On the new song "The Real World," you sing, "Reality is a lovely place, but I wouldn't want to live there." Over the last couple of years—word tours, becoming a "celebrity," rarely sleeping in your own bed—do you think you've experienced much "reality," at least like the rest of us?
I find it fascinating how some people think of daydreaming or "escapism" as a reckless way of turning one's back on responsibility, but for me, it couldn't be more opposite. The idea of going to/returning from a place in my head where everything is beautiful and absolutely perfect has an uncanny way of influencing almost EVERYTHING I do, whether it be creating music or writing lyrics or even living life day to day. I love imagining what the world would be like if things were in fact perfect because it makes me WANT to do whatever I can to fulfill that dream in and around my own life.
The line, "Reality is a lovely place but I wouldn't want to live there" is a fun way of saying I appreciate life exactly as it is, and although I can't change the world by any means, I can touch it. It's merely my way of dealing with things by proclaiming I can't keep the dark days from happening or the frustrations from occurring, but I can fix my eyes on that one blue patch of sky and thus keep my eyes focused on what truly matters.
Talk about what happens in your head when you compose—the creative process before you write it down or put your hands on the keyboard. How does your faith play a role in that process?
The instant I hear a melody or a chord progression in my head is the instant I strike gold. I can hear the beginning, the middle, and the end of a given song, and know exactly where I want to steer it along the way. Coming up with ideas has never been a dry well for me; the real problem occurs when I must decide which road out of literally thousands I'm going to take! A song could go so many different directions, a lot of them tempting for various reasons (in a healthy way), but my prayer has always been, "Lord, just give me the songs you want me to write so I can record them, release them, put them in the can, and reflect all glory and praise back to you."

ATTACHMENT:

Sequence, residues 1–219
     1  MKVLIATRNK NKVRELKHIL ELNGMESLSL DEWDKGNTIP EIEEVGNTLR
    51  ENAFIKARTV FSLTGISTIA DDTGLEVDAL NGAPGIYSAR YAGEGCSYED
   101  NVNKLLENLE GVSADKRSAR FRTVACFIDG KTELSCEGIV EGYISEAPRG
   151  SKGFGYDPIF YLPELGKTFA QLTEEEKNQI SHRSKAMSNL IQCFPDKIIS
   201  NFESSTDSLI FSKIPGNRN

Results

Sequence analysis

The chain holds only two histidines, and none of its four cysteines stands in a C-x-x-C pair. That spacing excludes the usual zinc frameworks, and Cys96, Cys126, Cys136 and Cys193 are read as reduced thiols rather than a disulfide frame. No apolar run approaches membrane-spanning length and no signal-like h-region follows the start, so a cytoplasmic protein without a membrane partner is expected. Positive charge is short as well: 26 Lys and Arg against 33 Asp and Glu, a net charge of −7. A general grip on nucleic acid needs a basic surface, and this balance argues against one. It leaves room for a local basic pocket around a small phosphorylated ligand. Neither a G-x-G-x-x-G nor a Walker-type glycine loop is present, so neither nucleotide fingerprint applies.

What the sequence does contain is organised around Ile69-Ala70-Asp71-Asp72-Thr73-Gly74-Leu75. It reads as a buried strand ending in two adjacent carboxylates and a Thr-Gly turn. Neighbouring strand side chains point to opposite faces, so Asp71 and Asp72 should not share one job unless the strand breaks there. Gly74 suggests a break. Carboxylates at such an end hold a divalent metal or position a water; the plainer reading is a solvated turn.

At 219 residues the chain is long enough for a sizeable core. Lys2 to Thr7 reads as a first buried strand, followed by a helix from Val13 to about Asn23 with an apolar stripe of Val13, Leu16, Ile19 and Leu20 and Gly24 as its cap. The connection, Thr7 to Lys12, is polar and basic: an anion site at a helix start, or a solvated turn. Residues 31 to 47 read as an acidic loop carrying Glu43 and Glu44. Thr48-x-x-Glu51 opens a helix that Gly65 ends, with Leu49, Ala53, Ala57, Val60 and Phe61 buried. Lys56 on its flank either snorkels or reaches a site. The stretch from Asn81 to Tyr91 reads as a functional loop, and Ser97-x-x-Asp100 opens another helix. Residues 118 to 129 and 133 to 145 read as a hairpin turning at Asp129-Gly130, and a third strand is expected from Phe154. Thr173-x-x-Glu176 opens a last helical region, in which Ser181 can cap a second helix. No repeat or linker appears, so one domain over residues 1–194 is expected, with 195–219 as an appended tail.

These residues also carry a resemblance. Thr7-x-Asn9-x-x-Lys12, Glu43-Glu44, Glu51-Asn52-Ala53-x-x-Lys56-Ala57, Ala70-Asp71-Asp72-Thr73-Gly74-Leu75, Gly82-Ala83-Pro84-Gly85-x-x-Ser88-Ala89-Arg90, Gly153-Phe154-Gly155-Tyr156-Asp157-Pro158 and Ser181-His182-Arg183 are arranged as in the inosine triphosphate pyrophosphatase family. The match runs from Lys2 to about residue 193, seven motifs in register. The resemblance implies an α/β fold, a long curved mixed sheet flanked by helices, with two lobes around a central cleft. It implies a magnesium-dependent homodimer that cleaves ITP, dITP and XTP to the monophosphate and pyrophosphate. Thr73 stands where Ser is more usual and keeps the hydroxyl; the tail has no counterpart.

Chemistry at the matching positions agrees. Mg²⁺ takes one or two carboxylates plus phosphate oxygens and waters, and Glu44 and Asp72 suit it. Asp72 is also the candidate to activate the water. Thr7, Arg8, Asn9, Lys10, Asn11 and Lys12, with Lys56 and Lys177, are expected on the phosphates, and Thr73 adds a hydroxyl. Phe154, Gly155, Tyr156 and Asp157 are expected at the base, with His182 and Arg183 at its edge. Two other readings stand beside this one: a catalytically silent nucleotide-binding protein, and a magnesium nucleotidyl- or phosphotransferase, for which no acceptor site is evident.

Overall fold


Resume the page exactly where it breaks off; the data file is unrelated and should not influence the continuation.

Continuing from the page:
When you write, do you ever consciously think, "This will work well with the Christian market; that will work well with the mainstream"? Or do the songs just fall where they may?
In a manner of speaking, my music has an extraordinary way of writing itself, and I'm usually just "the guy at the desk"—and the same goes for lyrics. I never consciously think about what specific line or lyric will resonate with what audience. I merely try to push all that aside and write sincerely from the heart, as if myself and God will be the only ones ever to hear it. In that way, I believe it keeps my music very pure and uncontaminated by whatever preconceived notions I might start injecting into the writing process. I just sit down to write a song as if it's the first and last piece of art I'll ever have the privilege of working on. And a privilege it is.
What's the story behind the new song "Deer in the Headlights"?
I enjoy writing largely from the imagination, and usually that produces rather abstract imagery. But with "Deer in the Headlights," I wrote a personal song that plays close to the chest in a way that no other song I've written ever has. I was ending a serious relationship at the time, and I was harrowed by the fact that so many people (specifically me) have a funny tendency to desire romance merely for the sake of avoiding loneliness, which ultimately means it's not about LOVE at all! Sometimes it's easy to be "blinded by the light" and forget all about what true romance is designed by God to be. When all you focus on are the warm fuzzies, a relationship can become dangerous and disastrous very quickly. So the song plays closely to the fact that I needed to pull myself out of the lights and remember what's more important than the romantic butterflies.
Copyright © 2011 Christianity Today. Click for reprint information.